It is officially 40 years since Bob Marley released Kaya, his classic paen to the joys of smoking weed. Stephen Marley started Kaya Festival in Miami and this year moved it to San Bernardino in California. It was an extraordinary weekend of music with many of the highlights supplied by the Marley Family. I arrived late on Saturday and was impressed with the massage therapists in the VIP area. I planned to return for a massage on Sunday but never quite made it there.
NB: Ten of the following images may appear to be photographs, but if they have writing in the top left hand corner then they link through to videos.
Toots & The Maytals were phenomenal and I noticed that Toots voice is so strong that he keeps the microphone down near his chest. He opened with Pressure drop and then teased the crowd several times with the opening bars of ’54-46 That’s My Number’ before wrapping his show with a blistering version of this killer tune.
The first Bob Marley grandson to grace the stage was Skip Marley who appears to have quite the future ahead of him. Born in 1996 in Jamaica, he grew up in Miami and taught himself to play a variety of instruments including piano, drums, guitar, and bass. He released his first music in 2015 and joined his uncles Damian and Stephen on their Catch a Fire tour. In early 2017, he signed to Island Records and was and co-wrote Katy Perry’s 2017 single “Chained to the Rhythm” as well as being featured on the song. He performed the song at the 59th Grammy Awards with her in February 2017.
The next Marley grandson to perform was Stephen Marley’s eldest son, Jo Mersa Marley. He didn’t have the same presence as his cousin Skip, but he did a great job of getting the crowd to wave their arms in the air.
Headlining on the opening night, The Marley Brothers have expanded and now include Julian and Ky-Mani (who I photographed in NYC back in 2010). I don’t think I’ve ever seen a group of musicians enjoying themselves as much on stage as these five brothers from different mothers. From the moment they walked out arm in arm onto the stage they didn’t stop grinning and laughing like maniacs throughout their whole show. Even when they were plagued by the technical problems which marred the festival, their joy was infectious to such a degree that dead microphones seemed less like an obstacle than an opportunity to rise higher. Each of the brothers sang lead but the one who really seemed to shine just a little bit brighter was the youngest, Damian (Jr. Gong) Marley, who has had the most commercial success over the last few years.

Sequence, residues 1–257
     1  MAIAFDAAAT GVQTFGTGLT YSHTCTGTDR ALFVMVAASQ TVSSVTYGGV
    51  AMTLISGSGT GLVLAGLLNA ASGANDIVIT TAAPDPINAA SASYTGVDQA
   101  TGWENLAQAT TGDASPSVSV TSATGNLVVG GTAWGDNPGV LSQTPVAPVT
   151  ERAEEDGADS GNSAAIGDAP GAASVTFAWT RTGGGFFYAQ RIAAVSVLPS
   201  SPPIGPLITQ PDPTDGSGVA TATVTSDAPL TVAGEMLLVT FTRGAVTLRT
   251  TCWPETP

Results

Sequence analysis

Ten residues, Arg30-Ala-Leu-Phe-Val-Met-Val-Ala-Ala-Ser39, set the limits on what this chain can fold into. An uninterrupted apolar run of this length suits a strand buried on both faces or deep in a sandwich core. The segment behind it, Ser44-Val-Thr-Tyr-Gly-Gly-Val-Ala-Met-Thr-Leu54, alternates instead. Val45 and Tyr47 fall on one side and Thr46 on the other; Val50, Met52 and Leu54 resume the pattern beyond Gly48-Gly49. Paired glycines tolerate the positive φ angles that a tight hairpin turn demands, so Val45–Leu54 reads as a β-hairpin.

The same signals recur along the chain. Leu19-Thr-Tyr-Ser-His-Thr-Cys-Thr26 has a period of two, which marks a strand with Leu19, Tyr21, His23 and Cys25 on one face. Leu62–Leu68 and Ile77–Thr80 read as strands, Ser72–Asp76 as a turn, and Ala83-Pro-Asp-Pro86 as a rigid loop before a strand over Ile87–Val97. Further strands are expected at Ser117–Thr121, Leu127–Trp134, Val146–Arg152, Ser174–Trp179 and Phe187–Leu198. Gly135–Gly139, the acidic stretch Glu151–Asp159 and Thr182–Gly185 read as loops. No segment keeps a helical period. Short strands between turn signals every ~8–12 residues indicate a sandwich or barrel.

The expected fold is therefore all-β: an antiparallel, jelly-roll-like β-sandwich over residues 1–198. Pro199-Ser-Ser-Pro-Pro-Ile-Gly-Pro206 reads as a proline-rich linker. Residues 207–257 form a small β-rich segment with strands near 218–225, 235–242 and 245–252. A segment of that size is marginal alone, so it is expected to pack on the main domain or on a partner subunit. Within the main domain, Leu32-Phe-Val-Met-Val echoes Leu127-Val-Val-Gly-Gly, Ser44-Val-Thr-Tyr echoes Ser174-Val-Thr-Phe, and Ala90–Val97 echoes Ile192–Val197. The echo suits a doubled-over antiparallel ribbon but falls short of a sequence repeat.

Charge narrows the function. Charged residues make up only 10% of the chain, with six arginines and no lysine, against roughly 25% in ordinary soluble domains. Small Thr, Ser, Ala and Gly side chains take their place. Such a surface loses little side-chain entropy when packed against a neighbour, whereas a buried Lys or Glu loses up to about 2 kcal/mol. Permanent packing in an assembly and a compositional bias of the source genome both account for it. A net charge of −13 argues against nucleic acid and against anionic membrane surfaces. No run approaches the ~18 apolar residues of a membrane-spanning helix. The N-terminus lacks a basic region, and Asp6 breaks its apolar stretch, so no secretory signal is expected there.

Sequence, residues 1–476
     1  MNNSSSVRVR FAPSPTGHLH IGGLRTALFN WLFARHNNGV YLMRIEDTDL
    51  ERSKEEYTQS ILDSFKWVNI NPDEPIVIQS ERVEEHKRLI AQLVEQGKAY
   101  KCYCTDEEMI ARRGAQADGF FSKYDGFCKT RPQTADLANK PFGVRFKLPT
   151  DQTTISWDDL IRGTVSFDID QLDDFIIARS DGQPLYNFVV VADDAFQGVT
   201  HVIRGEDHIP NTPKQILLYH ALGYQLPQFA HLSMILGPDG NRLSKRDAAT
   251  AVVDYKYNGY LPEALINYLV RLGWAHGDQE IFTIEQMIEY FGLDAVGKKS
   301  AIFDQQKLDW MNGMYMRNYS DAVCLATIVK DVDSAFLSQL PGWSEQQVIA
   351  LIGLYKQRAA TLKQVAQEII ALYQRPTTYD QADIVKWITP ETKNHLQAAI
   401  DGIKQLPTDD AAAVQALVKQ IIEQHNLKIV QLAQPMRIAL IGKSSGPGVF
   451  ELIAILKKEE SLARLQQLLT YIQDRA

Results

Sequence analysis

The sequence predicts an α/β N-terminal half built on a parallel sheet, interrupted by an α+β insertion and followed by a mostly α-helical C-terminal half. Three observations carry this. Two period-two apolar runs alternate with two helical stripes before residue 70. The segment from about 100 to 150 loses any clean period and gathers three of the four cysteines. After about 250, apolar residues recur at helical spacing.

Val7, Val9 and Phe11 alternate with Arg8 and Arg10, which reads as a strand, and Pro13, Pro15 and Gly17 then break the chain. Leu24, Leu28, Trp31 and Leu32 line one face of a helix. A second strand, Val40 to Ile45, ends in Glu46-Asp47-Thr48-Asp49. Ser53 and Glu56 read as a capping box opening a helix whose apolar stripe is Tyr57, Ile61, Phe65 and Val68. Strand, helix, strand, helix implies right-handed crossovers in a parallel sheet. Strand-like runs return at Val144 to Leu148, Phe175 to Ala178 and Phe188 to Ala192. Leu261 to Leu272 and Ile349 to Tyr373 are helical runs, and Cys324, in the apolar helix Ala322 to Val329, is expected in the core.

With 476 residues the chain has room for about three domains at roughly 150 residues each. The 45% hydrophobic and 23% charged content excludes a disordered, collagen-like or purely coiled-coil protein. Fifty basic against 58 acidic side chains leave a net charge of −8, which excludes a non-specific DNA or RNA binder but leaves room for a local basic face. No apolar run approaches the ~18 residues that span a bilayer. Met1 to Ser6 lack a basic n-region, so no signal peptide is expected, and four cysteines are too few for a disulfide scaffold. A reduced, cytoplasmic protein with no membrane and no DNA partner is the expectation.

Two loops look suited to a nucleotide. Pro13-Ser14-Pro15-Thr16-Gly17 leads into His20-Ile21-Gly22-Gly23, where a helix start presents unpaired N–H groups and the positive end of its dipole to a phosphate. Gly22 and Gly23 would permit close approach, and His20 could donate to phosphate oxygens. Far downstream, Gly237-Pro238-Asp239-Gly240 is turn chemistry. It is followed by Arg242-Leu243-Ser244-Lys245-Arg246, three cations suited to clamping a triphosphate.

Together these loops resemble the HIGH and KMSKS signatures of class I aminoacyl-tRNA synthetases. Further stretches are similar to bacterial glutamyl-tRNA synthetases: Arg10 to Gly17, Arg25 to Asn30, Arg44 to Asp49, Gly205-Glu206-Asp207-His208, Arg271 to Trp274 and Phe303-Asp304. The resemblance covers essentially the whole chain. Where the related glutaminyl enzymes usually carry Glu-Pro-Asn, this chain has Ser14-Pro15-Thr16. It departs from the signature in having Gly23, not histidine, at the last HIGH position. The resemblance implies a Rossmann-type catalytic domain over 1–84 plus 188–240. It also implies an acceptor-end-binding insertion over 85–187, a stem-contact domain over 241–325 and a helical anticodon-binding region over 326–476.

Tom Morello from Rage Against The Machine joined the brothers for a blistering version of Exodus. Check the full madness of his guitar solo in the video below.
Although I wanted to get to the venue earlier so I could see the mighty Third World, I didn’t quite make it and so the first performance I saw was by the very much up and coming Chronixx. He is one of the leaders of what is being called ‘Reggae Revival’ music which harks back to the roots era of the seventies and looks like it has a very real chance of putting reggae back in the spotlight it deserves.
Stephen Marley performed a special acoustic tribute to his fathers Kaya album and in a mini reprisal of the previous nights triumphant set by the Marley Brothers, brought out his brothers Damian, Julian and Ky-Mani to duet with him on a series of songs.
Soja is another one of the leaders of the Reggae Revival movement. He inspires comparisons to the inspirational Dennis Brown, which is a great place to be starting from. His band brought their A game and the audience was delighted with everything he played. A young girl perched on her dads shoulders had made her way right to the front and she made her presence known to all around her with her squeals of delight every time Soja made a move.
Last but not least was the incomparable Lauryn Hill. She too was plagued with sound problems and did not look happy with the production crew who were running around trying to get everything right for the notoriously ‘difficult’ Ms Hill. The crowd didn’t really notice and danced with delight as she served up selections from her two official releases.
Kaya Festival served up a weekend of delights, ranging from the excellent food trucks scattered around the venue to the promotion of the now legal (in California) weed and excellent music. If they can eliminate the serious production problems they were having on stage (I’ve never seen a roadie jumping out on stage as many times as the guy who was looking after Stephen Marley managed to do – somebody should tell that guy he isn’t in the band and he should have organized things like broken mic stands before the band came on stage) this will deservedly become one of the biggest festivals in the reggae calendar and I for one will be back next year.